A reader wanted to know what I thought of Braves rookie wonder Ronald Acuna Jr.'s case for the National League Most Valuable Player Award. My brain quickly jumped from one thought to another.
1. "That's crazy. Acuna has played less than 100 games and probably won't have enough plate appearances to qualify for the batting title. And anyway, Freddie Freeman is the closest thing Atlanta has to an NL MVP Award candidate."
2. "Well, maybe it's not that crazy. The NL MVP Award field is wide open this year, Acuna is on fire, and Freeman has slumped in the second half."
3. "Actually, let's examine how crazy this is."
Clearly, Acuna has been electric this year. He entered 2018 as MLB Pipeline's No. 2 overall prospect (behind Shohei Ohtani), got the big league promotion in late April, endured his first injury snafu, and then truly flipped the switch midseason for an ahead-of-schedule Braves team that is a good bet to finish off its first NL East title since '13.
The other day, Acuna became just the seventh player in history to notch a 25-homer season before turning 21, and five of the other six (Eddie Mathews, Orlando Cepeda, Al Kaline, Tony Conigliaro, Frank Robinson and Mel Ott) are in the Hall of Fame.
So, Acuna has been great. But MVP-worthy?
Remember: Only two rookies in history have won the MVP Award -- Fred Lynn with the 1975 Red Sox, and Ichiro Suzuki with the 2001 Mariners. (Aaron Judge finished second in the AL voting last year). Has Acuna's rookie year been outlandish enough to land him on that short list?
Before we dig into that question, we'd have to make the assumption that Acuna has passed the Nationals' Juan Soto in the NL Rookie of the Year Award race.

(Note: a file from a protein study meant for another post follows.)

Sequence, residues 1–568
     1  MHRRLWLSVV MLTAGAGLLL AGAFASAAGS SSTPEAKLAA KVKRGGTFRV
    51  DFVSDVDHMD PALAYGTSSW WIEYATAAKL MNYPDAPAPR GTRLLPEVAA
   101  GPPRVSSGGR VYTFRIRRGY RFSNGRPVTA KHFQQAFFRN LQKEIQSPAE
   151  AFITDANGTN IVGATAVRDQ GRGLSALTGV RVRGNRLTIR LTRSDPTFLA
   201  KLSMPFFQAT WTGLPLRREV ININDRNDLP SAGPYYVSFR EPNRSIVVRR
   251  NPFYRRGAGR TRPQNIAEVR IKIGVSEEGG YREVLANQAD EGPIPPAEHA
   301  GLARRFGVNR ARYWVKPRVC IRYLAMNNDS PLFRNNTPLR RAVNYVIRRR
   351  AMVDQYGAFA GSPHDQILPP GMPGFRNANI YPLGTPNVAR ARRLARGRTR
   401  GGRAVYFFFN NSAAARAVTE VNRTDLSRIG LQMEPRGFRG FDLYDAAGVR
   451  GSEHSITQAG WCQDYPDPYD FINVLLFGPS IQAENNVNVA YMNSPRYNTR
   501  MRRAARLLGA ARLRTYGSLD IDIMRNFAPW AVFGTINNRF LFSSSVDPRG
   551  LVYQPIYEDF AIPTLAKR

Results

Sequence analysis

Even on the heels of Soto's five-hit, two-homer doubleheader on Tuesday, I would be willing to go there. That's not dismissive of Soto, who is having one of the greatest age-19 seasons in history. In fact, if you go by OPS+, Soto's 148 mark is the highest by a 19-year-old with at least 300 plate appearances.
But Acuna has also had one of the greatest seasons by a 20-year-old.
It's a fascinating NL Rookie of the Year Award race. Here's how they stacked up going into Wednesday:
Acuna: .290 AVG, .368 OBP, .578 SLG, 25 HR, 14 SB, 4.3 bWAR, 3.8 fWAR
Soto: .306 AVG, .421 OBP, .529 SLG, 18 HR, 2 SB, 2.7 bWAR, 3.5 fWAR
Soto's most meaningful edge is in OBP, but you could argue that Acuna has made the bigger impact -- on a likely division winner, no less.
So let's boldly move forward with an assumption that Acuna will win one of the great rookie races in history (and this is where Nationals fans log off), and let's proceed to the NL MVP Award discussion.
As I said, it's a far-ranging field. As I write this, FanGraphs has 11 guys within 0.8 WAR of each other at the top of its NL leaderboard. WAR is imperfect, and there are other ways to illustrate the congestion, but that's just a quick and dirty way of demonstrating that it's crowded out there.